A, The AAV-CMV-eNpHR-EYFP-WPRE expression cassette: ITR: inverted terminal repeat; CMV: cytomegalovirus promoter; eNpHR: enhanced halorhodopsin; EYFP: enhanced yellow florescent protein; WPRE: woodchuck post-transcriptional regulatory element; hGH pA: human growth hormone polyadenylation sequence. B,C, eNpHR-EYFP fluorescence images taken from retinal whole-mount at low (B) and high (C) magnification. The rectangular area in B is enlarged in C. D, eNpHR-EYFP fluorescence image taken from retinal vertical section. EYFP-positive ganglion cells and axons were observed in the GCL. Arrows point to infected amacrine cells and an arrowhead points to an infected horizontal cell. E, eNpHR-EYFP fluorescence image taken from the superficial layer of the superior colliculus (sSC) in coronal section. Dense EYFP-positive RGC-derived axons were observed throughout the medio-lateral axis. GCL: ganglion cell layer; INL: inner nuclear layer; IPL: inner plexiform layer; ONL: outer nuclear layer.

To quantify the percentage of eNpHR-expressing RGCs, we immunohistochemically stained retinal vertical sections with a neuronal cell maker NeuN (Fig. S1) and selected the sections in which relatively dense EYFP fluorescence was observed. We then counted the number of NeuN-positive and EYFP-eNpHR-positive cells in the RGC layer of five sections obtained from each of three retinas (a total of 15 sections). We found a very high expression (>80%) of eNpHR in many retinal regions, a moderate expression (60 ∼ 80%) in some areas, and a slightly lower expression (∼ 60%) in a few regions (Table 1).

Table 1. Percentage of eNpHR-expressing retinal ganglion cells.

Consistent with the findings in the retina, we also confirmed the presence of eNpHR-EYFP-expressing RGC axon terminals in the sSC. As revealed by the EYFP fluorescence, dense axonal expression of eNpHR was observed throughout the sSC layers, although intermittently dense and scarce expression regions were detected, suggesting that the expression level was not homogenous over the retina (Fig. 1E).

Laser illumination blocks retino-tectal synaptic transmission

Next, we examined whether photo-activation of axonally expressed eNpHR blocks retino-tectal synaptic transmission at the axon terminals in the sSC. Parasagittal slices including the sSC were obtained from mice that received an intravitreous injection of AAV2 vector three weeks before the experiments. We performed whole-cell recordings from sSC neurons that were surrounded by dense eNpHR-positive axons (Fig. 2A,C). Electrical stimulation was applied to the optic nerve layer, where the RGC axons are located, and eNpHR was activated by illuminating fluorescence-positive axons with an optical fiber coupled to an yellow laser diode (see Materials and Methods). Figure 2D1 illustrates one example of the effect of laser illumination on whole-cell recorded currents. Electrical stimulation evoked EPSCs in the absence of laser illumination (Fig. 2D1, left). Yellow laser illumination applied to the slice (probably illuminating both the recorded neuron and surrounding axons) from 100 ms before to 50 ms after the electrical stimulation (Fig. 2B), clearly reduced the amplitude of the evoked EPSCs (Fig. 2D1, middle). The suppression disappeared immediately after turning off the laser (Fig. 2D1, right). In another example, laser illumination partially suppressed the EPSCs (Fig. 2D2). The degree of suppression varied from cell to cell (Fig. 2E), presumably depending on various factors discussed later. In any case, these results indicate that photo-activation of eNpHR expressed in axons reversibly inhibits synaptic transmission. To investigate properties of the laser illumination-induced suppression in more detail, we further analyzed cells that exhibited >40% inhibition in the next series of experiments.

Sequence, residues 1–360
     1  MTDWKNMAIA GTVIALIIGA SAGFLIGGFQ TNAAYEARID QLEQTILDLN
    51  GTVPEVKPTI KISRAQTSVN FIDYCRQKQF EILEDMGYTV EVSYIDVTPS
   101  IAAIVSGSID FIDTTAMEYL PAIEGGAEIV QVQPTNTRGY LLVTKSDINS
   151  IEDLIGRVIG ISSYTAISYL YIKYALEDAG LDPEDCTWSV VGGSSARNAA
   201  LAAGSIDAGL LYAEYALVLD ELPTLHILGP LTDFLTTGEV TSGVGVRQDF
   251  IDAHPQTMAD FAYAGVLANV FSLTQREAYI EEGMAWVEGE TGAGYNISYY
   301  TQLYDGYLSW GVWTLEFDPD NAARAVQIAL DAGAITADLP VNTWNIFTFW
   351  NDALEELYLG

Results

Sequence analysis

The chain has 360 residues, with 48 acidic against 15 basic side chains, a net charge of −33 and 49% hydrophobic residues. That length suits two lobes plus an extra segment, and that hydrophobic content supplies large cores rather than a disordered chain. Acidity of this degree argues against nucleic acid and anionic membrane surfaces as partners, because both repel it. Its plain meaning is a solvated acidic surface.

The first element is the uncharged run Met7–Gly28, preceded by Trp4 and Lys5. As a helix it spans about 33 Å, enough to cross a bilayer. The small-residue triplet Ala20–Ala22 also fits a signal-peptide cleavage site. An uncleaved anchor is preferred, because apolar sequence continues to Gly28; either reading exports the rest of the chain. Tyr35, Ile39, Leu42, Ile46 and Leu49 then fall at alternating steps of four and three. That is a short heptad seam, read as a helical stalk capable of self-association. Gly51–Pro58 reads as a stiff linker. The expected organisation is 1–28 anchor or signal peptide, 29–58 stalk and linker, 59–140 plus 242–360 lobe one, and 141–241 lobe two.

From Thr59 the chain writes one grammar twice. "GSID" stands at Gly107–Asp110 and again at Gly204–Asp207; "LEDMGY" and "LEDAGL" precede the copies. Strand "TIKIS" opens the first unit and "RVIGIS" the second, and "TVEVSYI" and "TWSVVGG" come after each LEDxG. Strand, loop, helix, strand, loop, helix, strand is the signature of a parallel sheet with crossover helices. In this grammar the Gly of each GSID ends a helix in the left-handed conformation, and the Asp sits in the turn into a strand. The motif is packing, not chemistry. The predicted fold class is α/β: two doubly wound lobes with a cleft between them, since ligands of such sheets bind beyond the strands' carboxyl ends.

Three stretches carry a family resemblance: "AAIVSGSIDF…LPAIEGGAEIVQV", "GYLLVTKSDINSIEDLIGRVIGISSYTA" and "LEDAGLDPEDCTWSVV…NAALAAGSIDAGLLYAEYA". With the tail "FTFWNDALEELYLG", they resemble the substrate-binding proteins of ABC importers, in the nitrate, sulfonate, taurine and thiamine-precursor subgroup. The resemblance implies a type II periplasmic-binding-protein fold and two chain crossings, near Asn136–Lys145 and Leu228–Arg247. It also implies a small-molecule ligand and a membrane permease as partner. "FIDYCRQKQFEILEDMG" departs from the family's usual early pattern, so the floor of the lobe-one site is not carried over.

Figure 2. Photo-activation of axonally expressed eNpHR suppresses retino-tectal synaptic transmission.

A, Schematic of experimental configuration. Electrical stimulation was applied to the optic nerve layer, which included both retino-tectal and cortico-tectal axons. Whole-cell recordings were obtained from sSC neurons. Yellow laser illuminated the eNpHR-positive axons and the recorded cells. B, Timing and duration of laser illumination. C, A representative photograph of a recorded sSC cell (red) surrounded by EYFP-positive axons (green). D, Examples of laser illumination-induced suppression of EPSCs. EPSCs evoked by electrical stimulation in the absence (cont, black), presence (laser ON, red), and again in the absence (laser OFF, black) of laser illumination, in cells showing nearly complete (D1) and partial (D2) suppression. In each condition 5 traces were superimposed. E, Summary of suppression of EPSCs in 14 sSC neurons.

We next examined the most effective duration and timing of laser illumination, relative to electrical stimulation, for suppressing synaptic transmission. To determine the most effective duration of the laser illumination we altered its duration before electrical stimulation and maintained a constant post-stimulus illumination (50 ms). Laser illumination that started 5 ms before electrical stimulation did not affect the evoked EPSCs (Fig. 3A, second trace from the left). However, in some neurons (3 of 6 cells), laser illumination that started just 10 ms before electrical stimulation was effective enough to suppress synaptic transmission (Fig. 3A, third trace from the left). Laser illumination that started more than 20 ms prior to the electrical stimulation was also effective in almost all of the neurons (Fig. 3A, right three traces). Figure 3B depicts the population data indicating that laser illumination applied >20 ms before the electrical stimulation may be necessary to block the synaptic transmission effectively.